Transport chief says major review designed to address public systems' woeful underperformance.
The head of Auckland Transport has come out swinging against the public transport system he runs saying trains and buses are late, infrequent and overcrowded.
In an opinion piece in the Herald today, Lester Levy says "figuring out what to do has become more important than actually doing something" and as a result, Aucklanders had lost faith there was an alternative to cars.
"I have been chairman of Auckland Transport for six months, what do I see? Public transport in Auckland is just not yet good enough," he said.
"The trains do not run frequently enough and frequently they do not run on time. The bus real time information does not seem real to many. That is because it is not, a lot of the time.
"Doubt, distrust, ridicule, criticism - that has largely been the history of transport in Auckland, and the possibility that transport issues in Auckland could ever be resolved seems to have been consigned to the wastebasket of history."
He said the new Hop card had also had issues which had been frustrating for passengers. It was announced last week that the system would be rolled out on the city's buses from late June - the final stage of a three-year process towards integrated ticketing. Dr Levy, also chairman of the Waitemata and Auckland district health boards, said Auckland Transport was about to "undertake major reconstructive surgery", and would embark on a review of every bus route, a major upgrade of the trains, new ferry services and new fare structures. But it would take time and would not be easy.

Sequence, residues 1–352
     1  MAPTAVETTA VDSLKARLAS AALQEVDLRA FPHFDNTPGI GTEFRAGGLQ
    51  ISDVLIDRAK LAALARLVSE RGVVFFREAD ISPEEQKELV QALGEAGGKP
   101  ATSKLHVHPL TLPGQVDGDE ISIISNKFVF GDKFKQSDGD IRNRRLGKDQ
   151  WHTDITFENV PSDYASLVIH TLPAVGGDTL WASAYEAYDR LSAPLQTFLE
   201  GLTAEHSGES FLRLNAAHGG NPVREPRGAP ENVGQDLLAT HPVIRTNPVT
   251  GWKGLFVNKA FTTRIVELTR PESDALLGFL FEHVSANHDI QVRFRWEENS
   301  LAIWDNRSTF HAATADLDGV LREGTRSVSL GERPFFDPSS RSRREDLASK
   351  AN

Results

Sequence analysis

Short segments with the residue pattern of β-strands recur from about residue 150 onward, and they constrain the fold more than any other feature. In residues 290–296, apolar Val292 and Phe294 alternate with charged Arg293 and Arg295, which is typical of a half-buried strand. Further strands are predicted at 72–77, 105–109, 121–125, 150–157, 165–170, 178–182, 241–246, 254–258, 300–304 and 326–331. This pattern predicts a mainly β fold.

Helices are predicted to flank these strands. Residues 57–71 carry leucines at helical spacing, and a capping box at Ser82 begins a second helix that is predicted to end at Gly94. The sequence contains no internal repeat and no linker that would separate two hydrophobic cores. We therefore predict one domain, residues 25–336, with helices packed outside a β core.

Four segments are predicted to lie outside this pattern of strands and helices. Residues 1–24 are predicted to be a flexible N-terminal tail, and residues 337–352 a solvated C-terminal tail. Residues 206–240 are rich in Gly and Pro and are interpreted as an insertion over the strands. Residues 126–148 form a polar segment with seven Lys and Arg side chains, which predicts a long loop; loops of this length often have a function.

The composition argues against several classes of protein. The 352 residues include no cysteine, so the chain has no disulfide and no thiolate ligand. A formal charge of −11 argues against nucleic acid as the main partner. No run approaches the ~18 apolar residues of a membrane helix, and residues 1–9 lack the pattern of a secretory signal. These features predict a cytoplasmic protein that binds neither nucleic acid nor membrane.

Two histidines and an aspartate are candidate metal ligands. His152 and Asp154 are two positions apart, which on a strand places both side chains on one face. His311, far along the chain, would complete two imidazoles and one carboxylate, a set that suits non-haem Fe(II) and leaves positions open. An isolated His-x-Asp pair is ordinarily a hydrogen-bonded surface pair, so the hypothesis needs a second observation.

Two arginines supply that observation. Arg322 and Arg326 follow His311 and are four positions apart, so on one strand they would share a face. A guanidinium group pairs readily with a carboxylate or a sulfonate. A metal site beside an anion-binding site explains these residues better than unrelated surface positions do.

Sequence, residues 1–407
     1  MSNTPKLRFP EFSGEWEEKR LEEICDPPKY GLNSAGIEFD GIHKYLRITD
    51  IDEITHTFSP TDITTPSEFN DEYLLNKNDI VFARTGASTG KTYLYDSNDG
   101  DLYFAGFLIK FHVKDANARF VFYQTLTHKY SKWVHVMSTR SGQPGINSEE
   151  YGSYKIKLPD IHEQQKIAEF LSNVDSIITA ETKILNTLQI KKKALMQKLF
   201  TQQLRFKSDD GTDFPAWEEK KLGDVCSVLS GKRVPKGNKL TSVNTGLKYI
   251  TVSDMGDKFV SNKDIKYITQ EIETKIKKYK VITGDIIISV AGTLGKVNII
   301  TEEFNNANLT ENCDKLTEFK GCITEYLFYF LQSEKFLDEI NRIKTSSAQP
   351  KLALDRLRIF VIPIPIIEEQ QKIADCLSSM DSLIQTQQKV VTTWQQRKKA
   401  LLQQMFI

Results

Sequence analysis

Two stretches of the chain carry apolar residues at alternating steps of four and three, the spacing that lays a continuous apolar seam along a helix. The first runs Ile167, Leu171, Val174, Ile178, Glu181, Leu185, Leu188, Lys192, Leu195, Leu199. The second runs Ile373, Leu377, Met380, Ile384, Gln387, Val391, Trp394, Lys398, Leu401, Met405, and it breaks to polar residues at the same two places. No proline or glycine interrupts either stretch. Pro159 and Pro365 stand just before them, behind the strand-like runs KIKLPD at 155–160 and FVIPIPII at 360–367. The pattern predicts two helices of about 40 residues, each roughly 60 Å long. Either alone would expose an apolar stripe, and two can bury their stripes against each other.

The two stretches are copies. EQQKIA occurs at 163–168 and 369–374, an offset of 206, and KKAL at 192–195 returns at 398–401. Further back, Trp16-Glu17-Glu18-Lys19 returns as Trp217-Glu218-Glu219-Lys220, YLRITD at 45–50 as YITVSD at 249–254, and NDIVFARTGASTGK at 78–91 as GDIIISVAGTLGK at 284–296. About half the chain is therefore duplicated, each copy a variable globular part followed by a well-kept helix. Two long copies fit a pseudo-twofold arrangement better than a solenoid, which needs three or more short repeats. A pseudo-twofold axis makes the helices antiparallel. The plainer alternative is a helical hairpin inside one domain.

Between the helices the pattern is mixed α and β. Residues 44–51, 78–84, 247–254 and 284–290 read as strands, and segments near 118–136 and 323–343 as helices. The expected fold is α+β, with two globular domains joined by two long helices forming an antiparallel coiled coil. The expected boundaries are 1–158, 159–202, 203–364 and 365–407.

Auckland Transport last year unveiled plans for a central city $2.86 billion rail loop, which would be built in two 3.5km-long twin tunnels up to 45m below the city.
A $1.164 billion electrification project of the city's rail network is already under way and will see 57 three-car electric trains up and running by April next year.
Dr Levy promised that in three years, transport in Auckland would be different and by 2020 it would be "very, very different".
A report released last year revealed by 2021, most bus networks near and in the city centre will be at capacity or overloaded.
Private motor vehicle speeds will have halved from 16km/h in the morning peak to 8km/h. And by 2041, the average morning peak car speed in the city centre will be 5km/h.
Cameron Pitches, of the Campaign for Better Transport, praised Mr Levy's comments.
"He's clearly in touch with what the people who use the public transport system are saying ... I guess the real question is 'What is he planning to do about it?' These changes have been in the wind for a very long time."
* $2.86 billion rail loop, which will be built in two 3.5km-long twin tunnels up to 45m below the city
* $1.164 billion electrification project of the city's rail network is already under way
* 57 three-car electric trains will be up and running by April next year.